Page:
**K**is skew-symmetric, then**I**-**K**is non-singular

- If
- [
*Real*]: If**A**is skew-symmetric, then**x**^{T}**Ax**= 0 for all real**x**. - There is a 1-to-1 correspondence between real skew-symmetric matrices,
**K**, and orthogonal matrices,**Q**, not having*a*as an eigenvalue given by**Q**=*a*(**K-**I)(**K**+**I**)^{-1}and**K**=(*a***I**+**Q**)(*a***I**-**Q**)^{-1}where*a*=+1 or -1. These are Caley's formulae. **K**is real skew-symmetric iff**K**=ln(**Q**) or**Q**= exp(**K**) for some real proper orthogonal matrix**Q**.- [3#3]: All 3#3 skew-symmetric matrices have the form
**SKEW**(**a**) = [0 -*a*_{3}*a*_{2};*a*_{3}0 -*a*_{1}; -*a*_{2}*a*_{1}0] for some vector**a**.**SKEW**(*k***a**) =*k***SKEW**(**a**) for any scalar*k*- The
vector cross product is given by
**a**×**b**=**SKEW**(**a**)**b = -SKEW**(**b**)**a** **SKEW**(**a**)**b**= 0 iff**a**=*k***b**for some scalar*k*- The determinant det([
**a****b****c**]) =**a**^{T }**SKEW**(**b**)**c**=**b**^{T}**SKEW**(**c**)**a**=**c**^{T}**SKEW**(**a**)**b** **a**^{T }**SKEW**(**b**)**a**= 0 for all**a**and**b**

A matrix is sparse if it has relatively few non-zero elements.

A Stability or Stable matrix is one whose eigenvalues all have
strictly negative real parts.

A semi-stable matrix is one whose eigenvalues all have non-positive real parts.

A real non-negative square matrix **A** is stochastic
if all its rows sum to 1.

- All eigenvalues of
**A**are <= 1. - 1 is an eigenvalue with eigenvector [1 1 ... 1]
^{T}

See also Doubly Stochastic

A real non-negative square matrix **A** is sub-stochastic
if all its rows sum to <=1.

**A** is *subunitary* if ||**AA**^{H}**x**|| = ||**A**^{H}**x**||
for all **x**. A is also called a *partial isometry*.

The following are equivalent:

**A**is subunitary**A**^{H}**A**is a projection matrix**AA**^{H}**A**=**A****A**^{+}=**A**^{H}

**A**is subunitary iff**A**^{H}is subunitary iff**A**^{+}is subunitary.- If
**A**is subunitary and non-singular than**A**is unitary.

A square matrix** A** is symmetric if **A** = **A**^{T},
that is *a(i,j) = a(j,i)*.

Most properties of real symmetric matrices are listed under Hermitian .

- [
*Real*]: If**A**is symmetric, then**A**=0 iff**x**^{T}**Ax**= 0 for all real**x**. - [
*Real*]: A symmetric matrix is orthogonally similar to a diagonal matrix. **A**is symmetric iff it is congruent to a diagonal matrix.- Any square matrix may be uniquely decomposed as the sum of a symmetric matrix and a skew-symmetric matrix.

See also Hankel.

A real matrix, **A**, is symmetrizable if **A**^{T}**M
**= **MA** for some positive definite **M**.

A real matrix, **A**_{[2n#2n]}, is symplectic
if **A**^{T}**KA=K** is symmetric where **K** = [**0** **I**;
-**I** **0**].

*See also*: hamiltonian

A toeplitz matrix has constant diagonals. In other words *a(i,j)*
depends only on *(i-j)*.

- A toeplitz matrix is persymmetric and so, if it exists, is its inverse.
- [
**A,B**:Toeplitz]**A+B**and**A-B**are Toeplitz. - [
**A**:Toeplitz] If**J**is the exchange matrix, then**JAJ**is Toeplitz;**JA**=**A**^{T}**J**and**AJ**=**JA**^{T}are Hankel. - A toeplitz matrix
**A**may be decomposed as**A**=**TOE**(**b**) +**TOE**(**c**)^{T}for some vectors**b**and**c**(see Notation section for**TOE**() definition)

**A** is upper triangular if *a(i,j)=0* whenever *i>j.
*

A triangular matrix

A triangular matrix

- [
*Real*]: An orthogonal triangular matrix must be diagonal - [
*n*n*]: The determinant of a triangular matrix is the product of its diagonal elements. - If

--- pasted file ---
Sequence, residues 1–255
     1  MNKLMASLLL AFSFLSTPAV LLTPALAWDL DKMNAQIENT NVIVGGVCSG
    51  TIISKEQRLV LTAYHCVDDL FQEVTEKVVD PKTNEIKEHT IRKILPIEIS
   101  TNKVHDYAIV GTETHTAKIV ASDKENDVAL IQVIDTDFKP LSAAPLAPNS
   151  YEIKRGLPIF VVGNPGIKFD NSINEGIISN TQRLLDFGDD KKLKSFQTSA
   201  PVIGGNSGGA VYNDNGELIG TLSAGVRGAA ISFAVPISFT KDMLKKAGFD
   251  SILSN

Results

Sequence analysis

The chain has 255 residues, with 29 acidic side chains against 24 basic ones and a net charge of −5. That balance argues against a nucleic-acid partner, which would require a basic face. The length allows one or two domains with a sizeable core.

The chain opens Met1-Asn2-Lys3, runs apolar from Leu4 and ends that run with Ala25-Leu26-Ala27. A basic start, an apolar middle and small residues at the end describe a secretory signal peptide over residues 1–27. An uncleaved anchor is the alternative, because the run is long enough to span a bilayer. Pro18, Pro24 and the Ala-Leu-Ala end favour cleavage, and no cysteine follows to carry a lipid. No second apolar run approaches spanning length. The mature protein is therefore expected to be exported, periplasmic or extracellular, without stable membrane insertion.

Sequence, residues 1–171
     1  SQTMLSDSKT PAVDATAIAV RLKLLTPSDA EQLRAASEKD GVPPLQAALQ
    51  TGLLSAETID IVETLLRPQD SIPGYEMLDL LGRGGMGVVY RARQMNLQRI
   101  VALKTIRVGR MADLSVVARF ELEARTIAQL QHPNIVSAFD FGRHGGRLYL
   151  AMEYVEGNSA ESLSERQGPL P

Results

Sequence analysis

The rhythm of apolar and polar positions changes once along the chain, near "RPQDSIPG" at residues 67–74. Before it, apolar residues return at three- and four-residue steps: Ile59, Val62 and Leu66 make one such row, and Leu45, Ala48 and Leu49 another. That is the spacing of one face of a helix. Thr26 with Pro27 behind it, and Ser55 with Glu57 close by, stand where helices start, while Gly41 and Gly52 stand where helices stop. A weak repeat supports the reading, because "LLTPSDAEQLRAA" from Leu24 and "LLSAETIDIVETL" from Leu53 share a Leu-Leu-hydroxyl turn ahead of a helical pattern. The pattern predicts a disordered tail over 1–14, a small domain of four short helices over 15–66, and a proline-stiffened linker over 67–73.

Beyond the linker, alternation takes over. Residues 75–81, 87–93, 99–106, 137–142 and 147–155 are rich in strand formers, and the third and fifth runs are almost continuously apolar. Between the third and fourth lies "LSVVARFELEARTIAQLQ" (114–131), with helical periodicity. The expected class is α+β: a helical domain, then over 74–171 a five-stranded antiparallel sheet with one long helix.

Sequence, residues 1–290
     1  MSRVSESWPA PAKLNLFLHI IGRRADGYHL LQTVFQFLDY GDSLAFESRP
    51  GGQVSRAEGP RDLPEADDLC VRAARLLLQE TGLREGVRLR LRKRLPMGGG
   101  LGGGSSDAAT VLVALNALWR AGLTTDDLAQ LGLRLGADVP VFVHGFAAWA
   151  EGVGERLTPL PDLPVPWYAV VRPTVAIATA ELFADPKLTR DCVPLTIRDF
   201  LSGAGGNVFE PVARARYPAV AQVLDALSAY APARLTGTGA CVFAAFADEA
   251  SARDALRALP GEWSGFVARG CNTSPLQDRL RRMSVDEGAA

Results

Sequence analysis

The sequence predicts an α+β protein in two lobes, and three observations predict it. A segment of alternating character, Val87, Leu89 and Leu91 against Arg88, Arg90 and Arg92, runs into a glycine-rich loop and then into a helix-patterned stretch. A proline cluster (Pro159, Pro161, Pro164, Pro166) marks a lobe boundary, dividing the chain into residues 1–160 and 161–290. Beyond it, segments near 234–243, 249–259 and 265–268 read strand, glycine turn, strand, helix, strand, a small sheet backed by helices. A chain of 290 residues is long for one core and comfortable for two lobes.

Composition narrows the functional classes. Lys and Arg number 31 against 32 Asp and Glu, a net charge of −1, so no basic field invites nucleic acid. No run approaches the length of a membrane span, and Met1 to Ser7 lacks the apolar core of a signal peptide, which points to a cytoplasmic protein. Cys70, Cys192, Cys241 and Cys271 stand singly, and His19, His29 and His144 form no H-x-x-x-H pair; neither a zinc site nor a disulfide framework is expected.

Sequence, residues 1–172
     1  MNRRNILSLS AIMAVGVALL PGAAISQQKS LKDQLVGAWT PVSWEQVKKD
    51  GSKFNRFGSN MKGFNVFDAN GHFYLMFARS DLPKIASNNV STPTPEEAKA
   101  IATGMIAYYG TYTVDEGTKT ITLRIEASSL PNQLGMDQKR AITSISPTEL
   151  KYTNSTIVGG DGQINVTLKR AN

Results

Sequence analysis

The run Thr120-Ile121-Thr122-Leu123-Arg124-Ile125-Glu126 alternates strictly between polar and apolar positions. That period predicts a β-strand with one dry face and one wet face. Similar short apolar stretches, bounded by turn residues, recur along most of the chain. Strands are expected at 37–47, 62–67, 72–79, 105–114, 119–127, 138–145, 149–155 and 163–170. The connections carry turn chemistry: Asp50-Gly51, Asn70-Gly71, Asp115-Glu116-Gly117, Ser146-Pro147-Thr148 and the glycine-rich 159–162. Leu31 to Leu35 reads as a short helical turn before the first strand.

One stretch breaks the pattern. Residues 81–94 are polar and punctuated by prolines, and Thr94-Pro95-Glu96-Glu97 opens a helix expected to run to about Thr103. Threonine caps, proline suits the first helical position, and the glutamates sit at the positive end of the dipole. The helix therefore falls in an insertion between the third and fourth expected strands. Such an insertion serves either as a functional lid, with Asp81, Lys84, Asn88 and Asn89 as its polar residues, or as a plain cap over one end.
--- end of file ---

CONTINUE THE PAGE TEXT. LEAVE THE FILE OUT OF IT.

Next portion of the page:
**A**is unit triangular then inv(**A**) exists and is unit triangular. - A strictly triangular matrix is nilpotent .
- The set of upper triangular matricies are closed under multiplication and addition and (where possible) inversion.
- The set of lower triangular matricies are closed under multiplication and addition and (where possible) inversion.

A is tridiagonal if A(i,j)=0 whenever |i-j|>1. In other words its non-zero elements lie either on or immediately adjacent to the main diagonal.

- A is tridiagonal iff it is both upper and lower Hessenberg.

A complex square matrix** A** is unitary if **A**^{H}**A
**= **I**. **A** is also sometimes called an *isometry*.

A real unitary matrix is called orthogonal .The following properties apply to orthogonal matrices as well as to unitary matrices.

- Unitary matrices are closed under multiplication, raising to an integer power and inversion
**U**is unitary iff**U**^{H}is unitary.- Unitary matrices are normal.
**U**is unitary iff ||**Ux**|| = ||**x**|| for all**x**.- The eigenvalues of a unitary matrix all have an absolute value of 1.
- The determinant of a unitary matrix has an absolute value of 1.
- A matrix is unitary iff its columns form an orthonormal basis.
**U**is unitary iff**U**=exp(**K**) or**K**=ln(**U**) for some skew-hermitian**K**.- For any complex
*a*with |*a*|=1, there is a 1-to-1 correspondence between the unitary matrices,**U**, not having*a*as an eigenvalue and skew-hermitian matrices,**K**, given by**U**=*a*(**K**-**I**)(**I**+**K**)^{-1}and**K**=(*a***I**+**U**)(*a***I**-**U**)^{-1}. These are Caley's formulae.- Taking
*a*=-1 gives**U**=(**I**-**K**)(**I**+**K**)^{-1}and**K**=(**I**-**U**)(**I**+**U**)^{-1}.

- Taking

An *n*n* Vandermonde matrix is of the form [**x**^{n-1} ... **x**^{2}
**x** 1] for some column vector **x**. a general element is given by *v(i,j)=x(i) ^{n-j}*.
The rightmost column of the matrix has all elements = 1.

Vandermonde matrices arise in connection with fitting polynomials to data.

The zero matrix, 0, has a(i,j)=0 for all i,j

- [
*Complex*]:**A**=0 iff**x**^{H}**Ax**= 0 for all**x**. - [
*Real*]: If**A**is symmetric, then**A**=0 iff**x**^{T}**Ax**= 0 for all**x**. - [
*Real*]:**A**=0 iff**x**^{T}**Ay**= 0 for all**x**and**y**. **A**=0 iff**A**^{H}**A**= 0

The Matrix Reference Manual is written by Mike Brookes, Imperial College, London, UK. Please send any comments or suggestions to mike.brookes@ic.ac.uk